Ibrahim Kalin writes:
The new year did not come with any good news for the world. The global disorder and regional chaos of 2015 appears to have continued into 2016. Unless a certain degree of power equilibrium is achieved at the global and regional levels, we will see a deepening of current conflicts and possibly the emergence of new ones. Global and regional powers have a major responsibility to shape the course of events in the months to come. And it starts with the Syrian crisis.
The war in Syria continues unabated with devastating consequences for regional peace and stability in the Middle East and beyond. The refugee crisis that has reached the shores of Europe remains a daunting task for Turkey and Europe. Since the drowning of Aylan Kurdi on Sept.2, 2015 made the headlines around the world, hundreds of Syrian refugees have lost their lives trying to cross the Aegean Sea to Europe. The media hype has died down but the refugees continue to drown in the cold waters of the Aegean and the Mediterranean.
Sectarian tensions show no sign of abating. The Russian-Iranian-Syrian axis with the support of Iran-backed militia groups in Iraq and Lebanon is jeopardizing everything to keep the criminal Bashar Assad regime alive. This is having catastrophic consequences for Syria and the Levant. The U.N. resolution 2254 has a chance to initiate a political transition in Syria within the framework of Geneva I and II and Vienna talks. The Russian-Iranian military action in Syria, however, is likely to derail this much-needed process.
The international community ought to take a firm stance to prevent Russia and Iran from destroying the last hope of peace in Syria. It also must not be fooled by empty discourses of fighting DAESH when in fact neither Russian nor Iranian military operations inside Syria target DAESH but rather focus on the Syrian opposition and civilians.
The Syrian conflict, among others, is emblematic of the fractured nature of the current global order. It is an order or rather disorder that suffers from the absence of the clearly defined notions of power, justice and legitimacy. How much power, how fair and how legitimate are the key questions that define the uses and abuses of power in the political, economic and military senses of the term. The current power struggle has lost all sense of legitimacy, principle or even calculated pragmatism.
As I have discussed before, “the Westphalian system of international order, established in 1648 after the bloody 30 years wars among European nations, was based on two simple yet important principles: that the sovereign nations of Europe would refrain from interfering in each other’s’ internal affairs and that a generally accepted equilibrium of power would keep the excessive ambitions of states in check.”
In theory, these two principles should form the backbone of any fair and stable global order. But the reality is different. Since the 17th century, the European nations and Russia have fought many bloody wars including the two world wars. The Ottoman Empire was dragged into World War I as part of the European imperialist design where neither the principle of non-interference nor limiting the ambitions of major powers was observed by any stretch of the imagination.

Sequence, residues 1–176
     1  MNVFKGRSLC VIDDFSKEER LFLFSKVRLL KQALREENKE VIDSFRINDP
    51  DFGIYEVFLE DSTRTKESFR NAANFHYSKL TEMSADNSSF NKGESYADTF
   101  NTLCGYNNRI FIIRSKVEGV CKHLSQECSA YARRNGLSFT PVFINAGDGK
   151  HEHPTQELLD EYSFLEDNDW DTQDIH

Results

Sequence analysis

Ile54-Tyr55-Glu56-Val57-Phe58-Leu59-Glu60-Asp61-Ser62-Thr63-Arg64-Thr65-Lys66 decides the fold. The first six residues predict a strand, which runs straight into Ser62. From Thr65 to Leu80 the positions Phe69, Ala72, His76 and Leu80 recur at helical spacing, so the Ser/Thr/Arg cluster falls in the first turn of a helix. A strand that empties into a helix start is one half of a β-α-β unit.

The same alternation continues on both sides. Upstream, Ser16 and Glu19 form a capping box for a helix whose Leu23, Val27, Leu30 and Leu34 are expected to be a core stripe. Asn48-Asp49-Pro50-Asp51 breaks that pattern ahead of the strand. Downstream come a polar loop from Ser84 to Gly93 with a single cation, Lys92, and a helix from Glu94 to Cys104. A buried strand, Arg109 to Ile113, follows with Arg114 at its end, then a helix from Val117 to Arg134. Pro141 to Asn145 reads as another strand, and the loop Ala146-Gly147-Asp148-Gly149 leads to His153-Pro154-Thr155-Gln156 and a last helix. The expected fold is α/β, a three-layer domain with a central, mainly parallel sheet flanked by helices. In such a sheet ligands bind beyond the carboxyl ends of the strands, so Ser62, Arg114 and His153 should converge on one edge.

The heart of the matter is the question of power disequilibrium, i.e., the sense that some nations have too much power and abuse it and others have too little and make up for it with proxy wars. This is where some nation-states see themselves as powerful enough to go beyond their natural borders of influence and some others feel threatened by the presence of others and act to preempt them from encroaching upon their security hinterland.
But there are also other factors at play. The recent Russian attitude in Ukraine and Syria is underlined by a sense of “can-do-without-impunity” posturing on the one hand, and a sense of insecurity on the other. Emboldened by the success of nuclear talks and the rise of submissive actors in Syria, Iraq and Lebanon, Iran displays a similar aggressiveness whereby it seeks to position itself as the patron of Shiite communities across the Muslim world. Needless to say, it leads to reactions from other major players such as Saudi Arabia that sees Iranian meddling as subversive and destabilizing.
The Russian-Iranian-Syrian axis is manipulating the power vacuum created by the Obama administration’s “engage but do not confront” policy. It emerged out of the Syrian war in the last year or so but is now having very serious consequences across the Middle East. Containing this crisis will go a long way in establishing a degree of power equilibrium and balance in the region.
The global order needs a fair and legitimate distribution of power whereby the nation-states with varying degrees of power feel neither emboldened enough to be reckless nor so insecure as to put the house on fire. Neither will serve anyone’s interest.